Chemical plant operations technicians talk with technical and supervisory personnel to report or resolve conditions affecting safety and product quality. They also regulate or shut down equipment during emergency situations, as directed by supervisory personnel. Equally important, chemical plant operations technicians have to control or operate chemical processes or systems of machines, using panelboards, control boards, or semi-automatic equipment. They are often called upon to monitor recording instruments and other indicators, and listen for warning signals, in order to confirm conformity of process conditions. They are expected to draw samples of products, and conduct quality control tests in order to track processing, and to insure that standards are met. Finally, chemical plant operations technicians direct staff working on operating machinery that regulates the flow of materials and products.
Every day, chemical plant operations technicians are expected to be able to focus attention on specific tasks without being distracted. They need to articulate ideas and problems. It is also important that they listen to and understand others in meetings.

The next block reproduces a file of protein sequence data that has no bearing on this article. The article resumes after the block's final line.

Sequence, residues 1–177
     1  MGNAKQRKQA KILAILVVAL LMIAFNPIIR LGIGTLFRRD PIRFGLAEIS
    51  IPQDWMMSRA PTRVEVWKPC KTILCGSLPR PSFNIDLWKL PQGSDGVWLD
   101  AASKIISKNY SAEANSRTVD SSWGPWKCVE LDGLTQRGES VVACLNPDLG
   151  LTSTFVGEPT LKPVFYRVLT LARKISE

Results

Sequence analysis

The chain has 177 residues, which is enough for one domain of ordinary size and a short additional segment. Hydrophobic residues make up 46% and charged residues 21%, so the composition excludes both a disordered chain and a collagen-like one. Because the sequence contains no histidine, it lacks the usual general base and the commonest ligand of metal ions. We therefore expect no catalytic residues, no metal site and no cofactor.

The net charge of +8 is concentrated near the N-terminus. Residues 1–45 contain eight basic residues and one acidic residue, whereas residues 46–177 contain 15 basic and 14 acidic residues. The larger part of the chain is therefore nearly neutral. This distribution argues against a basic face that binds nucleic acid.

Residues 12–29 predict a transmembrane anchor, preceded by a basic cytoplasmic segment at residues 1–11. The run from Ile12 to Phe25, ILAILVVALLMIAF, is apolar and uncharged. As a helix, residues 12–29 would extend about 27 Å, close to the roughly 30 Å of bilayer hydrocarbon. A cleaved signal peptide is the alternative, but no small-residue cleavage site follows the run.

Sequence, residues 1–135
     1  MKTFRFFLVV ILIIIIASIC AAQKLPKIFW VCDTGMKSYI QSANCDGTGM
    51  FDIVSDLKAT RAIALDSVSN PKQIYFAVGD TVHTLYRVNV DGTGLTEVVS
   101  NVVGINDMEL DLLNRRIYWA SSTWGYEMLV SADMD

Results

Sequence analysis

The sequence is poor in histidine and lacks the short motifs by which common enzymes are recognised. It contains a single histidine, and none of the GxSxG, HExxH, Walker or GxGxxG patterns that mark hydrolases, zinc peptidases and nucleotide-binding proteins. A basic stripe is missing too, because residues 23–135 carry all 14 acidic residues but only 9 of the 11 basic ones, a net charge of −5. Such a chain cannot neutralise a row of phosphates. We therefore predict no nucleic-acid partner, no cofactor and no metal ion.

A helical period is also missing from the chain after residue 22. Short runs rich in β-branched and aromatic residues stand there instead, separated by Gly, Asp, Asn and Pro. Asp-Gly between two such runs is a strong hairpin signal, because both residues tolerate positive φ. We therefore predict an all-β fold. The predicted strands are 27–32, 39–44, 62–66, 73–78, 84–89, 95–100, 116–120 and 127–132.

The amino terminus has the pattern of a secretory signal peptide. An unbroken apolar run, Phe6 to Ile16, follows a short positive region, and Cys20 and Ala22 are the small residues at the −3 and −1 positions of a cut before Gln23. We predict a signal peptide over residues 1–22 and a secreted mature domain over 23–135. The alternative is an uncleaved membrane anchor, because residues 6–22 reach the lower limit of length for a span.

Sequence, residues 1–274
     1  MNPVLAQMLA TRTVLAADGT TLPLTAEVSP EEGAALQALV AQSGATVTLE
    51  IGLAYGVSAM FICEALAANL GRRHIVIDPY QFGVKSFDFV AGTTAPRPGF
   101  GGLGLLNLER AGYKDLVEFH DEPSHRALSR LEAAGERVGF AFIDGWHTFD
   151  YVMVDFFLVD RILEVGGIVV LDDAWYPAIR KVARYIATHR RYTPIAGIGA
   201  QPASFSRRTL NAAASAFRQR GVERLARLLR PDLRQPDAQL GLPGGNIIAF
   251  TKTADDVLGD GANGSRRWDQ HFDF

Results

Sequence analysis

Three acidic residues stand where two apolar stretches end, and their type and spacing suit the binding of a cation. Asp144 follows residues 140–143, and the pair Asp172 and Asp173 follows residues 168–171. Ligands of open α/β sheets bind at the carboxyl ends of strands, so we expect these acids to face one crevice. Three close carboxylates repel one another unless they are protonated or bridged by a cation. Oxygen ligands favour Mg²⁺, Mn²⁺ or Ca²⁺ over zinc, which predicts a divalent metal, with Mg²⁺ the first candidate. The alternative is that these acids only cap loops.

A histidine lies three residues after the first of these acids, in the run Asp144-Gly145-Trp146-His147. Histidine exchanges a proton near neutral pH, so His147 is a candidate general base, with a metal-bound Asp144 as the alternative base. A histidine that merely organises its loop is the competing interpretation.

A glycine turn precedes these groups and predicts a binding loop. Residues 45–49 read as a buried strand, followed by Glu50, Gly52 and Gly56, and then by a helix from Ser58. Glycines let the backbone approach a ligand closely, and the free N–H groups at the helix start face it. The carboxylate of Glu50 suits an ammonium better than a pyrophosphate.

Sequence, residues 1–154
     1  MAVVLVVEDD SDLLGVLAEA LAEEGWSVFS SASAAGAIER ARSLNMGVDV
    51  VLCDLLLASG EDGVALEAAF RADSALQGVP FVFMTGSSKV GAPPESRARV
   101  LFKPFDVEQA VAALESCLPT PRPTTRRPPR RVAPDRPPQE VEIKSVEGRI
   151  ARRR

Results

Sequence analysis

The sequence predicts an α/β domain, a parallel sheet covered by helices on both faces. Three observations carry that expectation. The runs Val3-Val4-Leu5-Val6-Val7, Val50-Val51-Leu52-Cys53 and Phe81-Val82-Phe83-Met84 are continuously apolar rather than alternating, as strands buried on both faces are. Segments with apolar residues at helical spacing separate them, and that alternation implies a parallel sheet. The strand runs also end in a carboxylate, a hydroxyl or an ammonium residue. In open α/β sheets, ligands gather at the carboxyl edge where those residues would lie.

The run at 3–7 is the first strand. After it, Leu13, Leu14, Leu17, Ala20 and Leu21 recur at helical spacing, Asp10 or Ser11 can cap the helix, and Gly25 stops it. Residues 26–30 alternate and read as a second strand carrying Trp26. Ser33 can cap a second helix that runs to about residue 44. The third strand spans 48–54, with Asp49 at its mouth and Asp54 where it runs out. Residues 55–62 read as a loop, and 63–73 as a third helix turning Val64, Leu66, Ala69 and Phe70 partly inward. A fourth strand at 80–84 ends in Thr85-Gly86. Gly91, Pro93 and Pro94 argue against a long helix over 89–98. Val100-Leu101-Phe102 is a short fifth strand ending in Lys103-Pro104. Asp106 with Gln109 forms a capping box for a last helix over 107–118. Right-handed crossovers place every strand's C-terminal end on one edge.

It is important for chemical plant operations technicians to turn valves to regulate flow of products or byproducts through agitator tanks or neutralizer tanks. They are often called upon to inspect operating units such as towers, soap-spray storage tanks and driers to insure that all are functioning, and to maintain maximum efficiency. They also interpret chemical reactions visible through sight glasses or on television monitors, and review laboratory test summaries for process adjustments. They are sometimes expected to patrol work areas to insure that solutions in tanks and troughs are not in danger of overflowing. Somewhat less frequently, chemical plant operations technicians are also expected to record operating data such as process conditions and instrument readings.
They also have to be able to defrost frozen valves, using steam hoses and direct staff working on operating machinery that regulates the flow of materials and products. And finally, they sometimes have to talk with technical and supervisory personnel to report or resolve conditions affecting safety and product quality.